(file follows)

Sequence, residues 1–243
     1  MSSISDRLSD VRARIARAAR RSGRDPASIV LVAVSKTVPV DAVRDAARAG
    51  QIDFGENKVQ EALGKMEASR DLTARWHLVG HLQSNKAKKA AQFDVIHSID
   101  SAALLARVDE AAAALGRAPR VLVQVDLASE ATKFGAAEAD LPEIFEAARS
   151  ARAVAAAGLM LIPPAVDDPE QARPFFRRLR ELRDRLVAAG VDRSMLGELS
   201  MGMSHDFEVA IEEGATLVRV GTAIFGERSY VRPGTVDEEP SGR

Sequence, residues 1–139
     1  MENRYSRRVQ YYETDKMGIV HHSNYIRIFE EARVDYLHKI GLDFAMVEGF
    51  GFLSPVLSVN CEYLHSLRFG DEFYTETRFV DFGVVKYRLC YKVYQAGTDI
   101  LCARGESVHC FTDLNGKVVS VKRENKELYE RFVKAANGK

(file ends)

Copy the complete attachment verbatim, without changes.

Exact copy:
Sequence, residues 1–243
     1  MSSISDRLSD VRARIARAAR RSGRDPASIV LVAVSKTVPV DAVRDAARAG
    51  QIDFGENKVQ EALGKMEASR DLTARWHLVG HLQSNKAKKA AQFDVIHSID
   101  SAALLARVDE AAAALGRAPR VLVQVDLASE ATKFGAAEAD LPEIFEAARS
   151  ARAVAAAGLM LIPPAVDDPE QARPFFRRLR ELRDRLVAAG VDRSMLGELS
   201  MGMSHDFEVA IEEGATLVRV GTAIFGERSY VRPGTVDEEP SGR

Sequence, residues 1–139
     1  MENRYSRRVQ YYETDKMGIV HHSNYIRIFE EARVDYLHKI GLDFAMVEGF
    51  GFLSPVLSVN CEYLHSLRFG DEFYTETRFV DFGVVKYRLC YKVYQAGTDI
   101  LCARGESVHC FTDLNGKVVS VKRENKELYE RFVKAANGK